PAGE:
Monitoring dynamic spiculation in red blood cells with scanning ion conductance microscopy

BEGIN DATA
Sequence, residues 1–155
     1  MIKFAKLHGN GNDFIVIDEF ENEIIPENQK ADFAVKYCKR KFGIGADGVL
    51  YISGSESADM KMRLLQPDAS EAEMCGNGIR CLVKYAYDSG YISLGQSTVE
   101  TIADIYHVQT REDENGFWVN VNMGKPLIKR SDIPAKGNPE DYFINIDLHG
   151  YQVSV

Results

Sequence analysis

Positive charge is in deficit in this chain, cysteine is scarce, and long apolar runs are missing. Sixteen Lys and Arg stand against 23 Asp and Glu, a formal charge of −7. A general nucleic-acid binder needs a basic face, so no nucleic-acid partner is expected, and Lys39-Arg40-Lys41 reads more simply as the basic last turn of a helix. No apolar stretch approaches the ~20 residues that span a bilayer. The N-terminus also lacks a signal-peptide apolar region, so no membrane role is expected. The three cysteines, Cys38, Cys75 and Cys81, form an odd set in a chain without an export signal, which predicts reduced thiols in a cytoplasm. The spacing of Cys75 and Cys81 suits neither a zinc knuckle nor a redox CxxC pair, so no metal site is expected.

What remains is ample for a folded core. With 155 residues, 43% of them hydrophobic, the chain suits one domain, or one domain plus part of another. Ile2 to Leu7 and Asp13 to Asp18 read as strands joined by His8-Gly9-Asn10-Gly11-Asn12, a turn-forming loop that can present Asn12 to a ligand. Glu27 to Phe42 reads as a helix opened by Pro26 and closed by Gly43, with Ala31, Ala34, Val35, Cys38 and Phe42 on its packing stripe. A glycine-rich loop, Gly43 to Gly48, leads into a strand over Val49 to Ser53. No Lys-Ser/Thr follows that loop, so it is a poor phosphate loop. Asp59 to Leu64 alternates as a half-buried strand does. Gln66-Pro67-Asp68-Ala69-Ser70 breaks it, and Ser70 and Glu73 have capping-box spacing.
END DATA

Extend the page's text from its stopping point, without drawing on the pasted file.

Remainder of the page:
Phospholipids are critical structural components of the membrane of human erythrocytes and their asymmetric transbilayer distribution is essential for normal cell functions. Phospholipid asymmetry is maintained by transporters that shuttle phospholipids between the inner leaflet and the outer leaflet of the membrane bilayer. When an exogenous, short acyl chain, phosphatidylcholine (PC) or phosphatidylserine (PS) is incorporated into erythrocytes, a discocyte-to-echinocyte shape change is induced. PC treated cells remain echinocytic, while PS treated cells return to discocytes, and eventually stomatocytes, due to the action of an inwardly directed transporter. These morphological changes have been well studied by light microscopy and scanning electron microscopy in the past few decades. However, most of this research is based on the glutaraldehyde fixed cells, which limits the dynamic study in discrete time points instead of continuous single cell measurements. Scanning ion conductance microscopy (SICM) is a scanning probe technique which is ideal for live cell imaging due to high resolution, in situ and non-contact scanning. To better understand these phospholipid-induced morphological changes, SICM was used to scan the morphological change of human erythrocytes after the incorporation of exogenous dilauroylphosphatidylserine (DLPS) and the results revealed single cell dynamic morphological changes and the movement of spicules on the membrane surface.